At the shop, the double doors to Brown’s back work area ￼￼are left open, and he often waves customers in. “People are always welcome to come back into the studio and watch the magic happen,” he says. “They like that.” Plants and petals help him connect to his patrons, many of whose houses he’s inside on a regular basis, doing flowers for dinner parties or other special occasions. The communal and convivial aspect of Brown’s job brings out his more sociable side.
Then there’s the flower designer’s carefully guarded private life. Few venture inside Brown’s own home, a three-story modern stucco town home off West Alabama and Greenbrier, designed by University of Houston architecture grad students, which he bought 16 years ago while it was still under construction. He has lived there ever since and rarely entertains.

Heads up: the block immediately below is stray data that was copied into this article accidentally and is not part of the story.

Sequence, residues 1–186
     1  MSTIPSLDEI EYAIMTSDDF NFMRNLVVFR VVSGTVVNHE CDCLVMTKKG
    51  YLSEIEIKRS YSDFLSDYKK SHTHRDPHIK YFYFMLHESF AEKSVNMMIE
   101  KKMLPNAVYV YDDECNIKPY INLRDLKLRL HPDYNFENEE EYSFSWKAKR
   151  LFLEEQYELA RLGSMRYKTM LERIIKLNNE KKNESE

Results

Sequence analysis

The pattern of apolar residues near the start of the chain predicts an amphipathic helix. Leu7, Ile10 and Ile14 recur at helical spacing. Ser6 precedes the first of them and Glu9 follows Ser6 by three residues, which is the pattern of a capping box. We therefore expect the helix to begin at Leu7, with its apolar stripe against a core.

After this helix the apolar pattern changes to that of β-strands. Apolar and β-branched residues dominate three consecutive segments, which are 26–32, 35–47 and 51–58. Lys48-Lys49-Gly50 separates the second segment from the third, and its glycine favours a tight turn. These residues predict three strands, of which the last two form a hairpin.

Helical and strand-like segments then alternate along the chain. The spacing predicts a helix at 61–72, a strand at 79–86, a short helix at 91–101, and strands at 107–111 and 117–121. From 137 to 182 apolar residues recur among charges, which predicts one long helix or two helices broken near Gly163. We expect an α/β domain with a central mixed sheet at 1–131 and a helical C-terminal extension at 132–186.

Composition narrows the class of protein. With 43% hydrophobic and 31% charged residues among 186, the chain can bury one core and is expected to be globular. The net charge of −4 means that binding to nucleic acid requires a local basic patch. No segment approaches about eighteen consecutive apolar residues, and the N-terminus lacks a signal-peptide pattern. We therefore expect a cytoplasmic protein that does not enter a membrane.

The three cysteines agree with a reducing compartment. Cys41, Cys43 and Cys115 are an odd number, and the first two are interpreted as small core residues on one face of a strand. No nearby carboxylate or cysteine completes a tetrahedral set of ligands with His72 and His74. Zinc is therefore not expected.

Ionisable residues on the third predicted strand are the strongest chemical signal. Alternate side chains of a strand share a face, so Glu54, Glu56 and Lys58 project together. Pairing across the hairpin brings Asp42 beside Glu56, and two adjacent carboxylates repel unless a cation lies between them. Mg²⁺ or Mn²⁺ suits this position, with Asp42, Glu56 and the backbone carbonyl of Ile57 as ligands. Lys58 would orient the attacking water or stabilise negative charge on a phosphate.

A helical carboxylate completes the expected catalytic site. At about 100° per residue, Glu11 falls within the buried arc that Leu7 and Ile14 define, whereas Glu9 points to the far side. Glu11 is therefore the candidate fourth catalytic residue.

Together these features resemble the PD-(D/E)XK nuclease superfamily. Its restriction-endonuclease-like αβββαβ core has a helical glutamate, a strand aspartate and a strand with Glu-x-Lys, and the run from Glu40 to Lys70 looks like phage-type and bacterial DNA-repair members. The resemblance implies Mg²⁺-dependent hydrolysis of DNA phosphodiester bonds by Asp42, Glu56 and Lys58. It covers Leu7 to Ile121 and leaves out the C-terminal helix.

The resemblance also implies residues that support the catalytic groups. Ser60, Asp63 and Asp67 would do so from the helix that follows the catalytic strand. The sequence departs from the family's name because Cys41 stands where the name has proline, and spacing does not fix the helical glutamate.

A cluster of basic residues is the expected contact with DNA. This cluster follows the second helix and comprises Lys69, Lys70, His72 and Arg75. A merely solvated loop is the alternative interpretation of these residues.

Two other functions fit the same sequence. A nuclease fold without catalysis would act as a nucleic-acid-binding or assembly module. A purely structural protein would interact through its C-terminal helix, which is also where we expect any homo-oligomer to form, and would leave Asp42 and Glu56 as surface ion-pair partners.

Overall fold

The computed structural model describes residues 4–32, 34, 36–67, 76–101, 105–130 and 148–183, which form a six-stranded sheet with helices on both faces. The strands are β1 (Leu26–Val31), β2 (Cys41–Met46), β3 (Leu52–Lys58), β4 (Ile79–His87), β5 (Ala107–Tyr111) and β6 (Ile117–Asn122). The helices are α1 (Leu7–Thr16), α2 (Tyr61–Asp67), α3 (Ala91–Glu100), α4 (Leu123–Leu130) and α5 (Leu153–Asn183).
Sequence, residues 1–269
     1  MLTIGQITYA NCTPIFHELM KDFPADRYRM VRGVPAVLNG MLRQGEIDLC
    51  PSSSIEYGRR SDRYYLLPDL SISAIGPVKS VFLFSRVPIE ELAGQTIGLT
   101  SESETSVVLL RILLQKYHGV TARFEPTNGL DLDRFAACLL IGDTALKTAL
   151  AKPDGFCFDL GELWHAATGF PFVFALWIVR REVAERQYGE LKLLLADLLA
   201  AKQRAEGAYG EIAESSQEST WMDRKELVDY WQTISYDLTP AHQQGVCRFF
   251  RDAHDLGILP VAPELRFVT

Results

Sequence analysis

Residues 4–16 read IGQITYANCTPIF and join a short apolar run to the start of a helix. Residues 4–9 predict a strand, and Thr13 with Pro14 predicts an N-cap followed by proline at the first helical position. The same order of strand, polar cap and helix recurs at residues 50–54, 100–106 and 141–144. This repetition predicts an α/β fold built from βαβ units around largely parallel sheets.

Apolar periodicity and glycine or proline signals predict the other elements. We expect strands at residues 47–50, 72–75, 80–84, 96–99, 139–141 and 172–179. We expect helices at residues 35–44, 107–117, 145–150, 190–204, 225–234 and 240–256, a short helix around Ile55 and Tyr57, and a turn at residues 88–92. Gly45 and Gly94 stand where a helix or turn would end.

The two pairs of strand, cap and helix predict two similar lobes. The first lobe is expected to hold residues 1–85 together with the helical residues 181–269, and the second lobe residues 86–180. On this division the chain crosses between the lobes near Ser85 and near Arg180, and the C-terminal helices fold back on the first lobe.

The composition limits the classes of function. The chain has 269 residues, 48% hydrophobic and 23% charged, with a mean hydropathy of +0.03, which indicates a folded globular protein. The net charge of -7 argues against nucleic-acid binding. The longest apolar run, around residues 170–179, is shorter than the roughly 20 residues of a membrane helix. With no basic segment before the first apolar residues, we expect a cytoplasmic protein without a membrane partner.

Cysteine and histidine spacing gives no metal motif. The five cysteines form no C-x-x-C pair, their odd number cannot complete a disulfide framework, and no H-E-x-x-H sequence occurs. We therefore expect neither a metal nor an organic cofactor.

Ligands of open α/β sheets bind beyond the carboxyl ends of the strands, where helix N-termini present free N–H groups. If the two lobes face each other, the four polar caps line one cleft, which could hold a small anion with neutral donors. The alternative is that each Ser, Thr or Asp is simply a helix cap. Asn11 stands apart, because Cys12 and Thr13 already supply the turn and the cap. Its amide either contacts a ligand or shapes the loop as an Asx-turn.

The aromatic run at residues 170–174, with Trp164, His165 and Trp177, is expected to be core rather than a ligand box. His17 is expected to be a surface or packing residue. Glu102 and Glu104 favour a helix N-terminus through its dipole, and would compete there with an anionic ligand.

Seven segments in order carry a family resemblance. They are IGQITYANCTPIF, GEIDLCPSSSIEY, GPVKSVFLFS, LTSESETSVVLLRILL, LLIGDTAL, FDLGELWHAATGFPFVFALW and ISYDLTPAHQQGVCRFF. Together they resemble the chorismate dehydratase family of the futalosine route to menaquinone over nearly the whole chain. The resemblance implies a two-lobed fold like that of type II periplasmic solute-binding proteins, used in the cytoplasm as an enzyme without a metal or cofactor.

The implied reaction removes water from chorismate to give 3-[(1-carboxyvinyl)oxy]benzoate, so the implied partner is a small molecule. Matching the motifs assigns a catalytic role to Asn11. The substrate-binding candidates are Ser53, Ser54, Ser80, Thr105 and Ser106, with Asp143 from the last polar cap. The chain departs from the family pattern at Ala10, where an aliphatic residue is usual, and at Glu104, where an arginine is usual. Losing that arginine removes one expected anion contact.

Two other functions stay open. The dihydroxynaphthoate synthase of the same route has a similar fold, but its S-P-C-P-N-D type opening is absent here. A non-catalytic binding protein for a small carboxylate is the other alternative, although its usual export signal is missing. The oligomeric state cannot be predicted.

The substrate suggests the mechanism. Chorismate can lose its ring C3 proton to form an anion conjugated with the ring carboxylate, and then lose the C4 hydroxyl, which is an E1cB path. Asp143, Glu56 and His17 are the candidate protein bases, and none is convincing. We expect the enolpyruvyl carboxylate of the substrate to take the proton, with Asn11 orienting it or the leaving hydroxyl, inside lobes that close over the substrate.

“I’m the consummate loner. I love coming home to an empty house. I’ll sit back and have this silent dialogue with my art collection,” he says of the mid-century and contemporary sculpture, paintings and photography he began amassing 40 years ago. Most of Brown’s longtime customers and acquaintances might be astounded to see behind his closed doors.
“A few years ago,” he says, “a prominent art collector and patron of the store stopped by to pick up some things I was donating to a charity event, and he said, ‘David, why don’t we know this about you?’ — referring to the obvious abundance of art in my home. It’s just something very personal to me.” Brown’s dozens of multi-ethnic artworks range from traditional African artifacts to works by notable contemporary artists in Korea, China and Germany, along with a growing contingency of contemporary masters from Latin America. He also owns a painting by blue-chip British artist Damien Hirst, and works by Texas heavyweights Joseph Havel, Joe Mancuso and James Surls.
Brown grew up in Jefferson, a northeast Texas town resplendent with antebellum architecture and bayous dense with moss and cypress. It had an effect on him.
“I loved to wander the woods,” he says. “But my father had the green thumb, and my love of flowers came from him. I’d dig in the dirt around his vegetable and flower gardens, and the joke was, somebody would ask, ‘Where’s David?’ And they’d say, ‘Oh, he’s out rearranging the backyard again.’